Key Largo (1948)
Key Largo (1948)

Genre: Film Noir Running Time: 1 hr. 40 min.

Release Date: July 31st, 1948 MPAA Rating: Not Rated

Director: John Huston Actors: Humphrey Bogart, Lauren Bacall, Edward G. Robinson, Lionel Barrymore, Claire Trevor, Thomas Gomez, Harry Lewis, John Rodney, Marc Lawrence, Dan Seymour, Monte Blue, William Haade

 


 

K

ey Largo is the largest of the Florida Keys, a string of small islands held together by a concrete causeway. A bus headed away from Key West is stopped by the authorities, who are looking for two escaped Indian convicts. One of the passengers, Major Frank McCloud (Humphrey Bogart), arrives at the Largo Hotel, only to find that the man he wished to meet (the father of one of his subordinates in the army) isn’t there, while a motley assortment of patrons at the bar refuse to entertain him. “In the summertime, everything’s closed.”

The fourth theatrical pairing of Bogey and Bacall features Dan Seymour yet again, this time as an unfriendly bartender. Lush Miss Gaye Dawn (Claire Trevor) demands that the barman serve McCloud a drink, which leads to the discovery of Mr. James Temple (Lionel Barrymore) and his daughter Nora (Lauren Bacall) out back by the dock – the owners the major was planning to see. McCloud is put up in a room, though the combination of the unforgiving heat, an oncoming hurricane, and the collection of belligerent guests doesn’t put him at ease. After discussing the death of Nora’s husband, George, and his heroism during the War, the Frank uncomfortably uncovers the true reason everyone at the hotel is on edge.

The touching tale of George’s passing is entirely in contrast to the coming events. Aside from a few genial Indians (as they’re referred to in the film), including the two on the run from the law, the combative assemblage in the hotel seems capable of virtually anything – such as spontaneous murder. And the film indeed wanders down that path when Johnny Rocco (Edward G. Robinson) turns up – yet another unsociable guest reclining in a room upstairs. He’s one of the country’s most notorious gangsters, formerly deported but now back in the States for a final gig, which should go smoothly as long as McCloud and the Temples stay out of his way.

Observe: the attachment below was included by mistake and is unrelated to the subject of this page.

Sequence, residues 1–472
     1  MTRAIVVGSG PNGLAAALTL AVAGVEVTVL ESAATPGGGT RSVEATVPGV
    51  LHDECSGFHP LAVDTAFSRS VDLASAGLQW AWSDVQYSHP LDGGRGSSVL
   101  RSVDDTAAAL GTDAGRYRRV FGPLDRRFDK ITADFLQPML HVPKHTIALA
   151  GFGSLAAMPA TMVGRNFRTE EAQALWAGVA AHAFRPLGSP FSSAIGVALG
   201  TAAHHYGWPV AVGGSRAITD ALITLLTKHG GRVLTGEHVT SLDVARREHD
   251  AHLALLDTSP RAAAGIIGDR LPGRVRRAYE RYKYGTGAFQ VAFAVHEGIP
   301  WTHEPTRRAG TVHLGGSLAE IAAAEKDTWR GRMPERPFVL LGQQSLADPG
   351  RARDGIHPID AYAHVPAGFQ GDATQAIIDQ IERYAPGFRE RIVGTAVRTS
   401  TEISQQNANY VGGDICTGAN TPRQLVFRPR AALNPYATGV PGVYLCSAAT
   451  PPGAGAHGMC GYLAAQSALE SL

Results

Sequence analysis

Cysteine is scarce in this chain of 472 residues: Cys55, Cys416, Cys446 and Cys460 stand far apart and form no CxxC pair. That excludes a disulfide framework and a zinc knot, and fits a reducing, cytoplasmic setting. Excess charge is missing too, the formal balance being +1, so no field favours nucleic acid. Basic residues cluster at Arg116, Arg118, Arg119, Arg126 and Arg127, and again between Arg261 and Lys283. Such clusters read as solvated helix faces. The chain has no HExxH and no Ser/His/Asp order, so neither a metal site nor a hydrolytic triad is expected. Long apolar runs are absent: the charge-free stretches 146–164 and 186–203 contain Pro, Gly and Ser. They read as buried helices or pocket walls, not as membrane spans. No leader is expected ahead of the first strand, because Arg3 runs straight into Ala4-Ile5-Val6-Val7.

With guns waving around, a storm cutting off the potential for rescue, and Rocco’s goons infuriating the hostages, it’s going to be a long, tension-filled night. Serving as a cinematic opposite to “To Have and Have Not,” “Key Largo” deftly examines bravery, self-preservation, and doing the right thing, but with the twist of reluctant heroism. It may not be the first picture to pit a villain who doesn’t fight fair against a conflicted protagonist, but it’s a perfect bit of film noir aggravation for audiences to feel as trapped as the leads. “Better to be a live coward than a dead hero.”

The real stars of the film are mind games and manipulation, sharply brought to life by the restrained verbal feuding between Bogart and Robinson. There’s contention but also a certain respect – for power and for defiance – like in “The Tall T.” Here, the non-gangsters are all victims, many of whom buckle under the psychological tortures inflicted by Rocco for a bit of amusement. Humiliation and endurance alternate for the spotlight, allowing viewers to judge the righteousness or recklessness of Bogie’s hapless soldier. And the tropical island and destructive storm provide unique backdrops for the ultimatums and confrontations taking place inside the makeshift prison, as well as for thoughts of fleeing or fighting. The finale keeps up the anxiety and the feeling of being cornered, while also turning the tables to accommodate both redemption and justice; for a film that famously didn’t have an ending planned out (the conclusion here is borrowed from the un-filmed close of “To Have and Have Not”), “Key Largo” certainly brandishes a whopper.

– Mike Massie

  • 9/10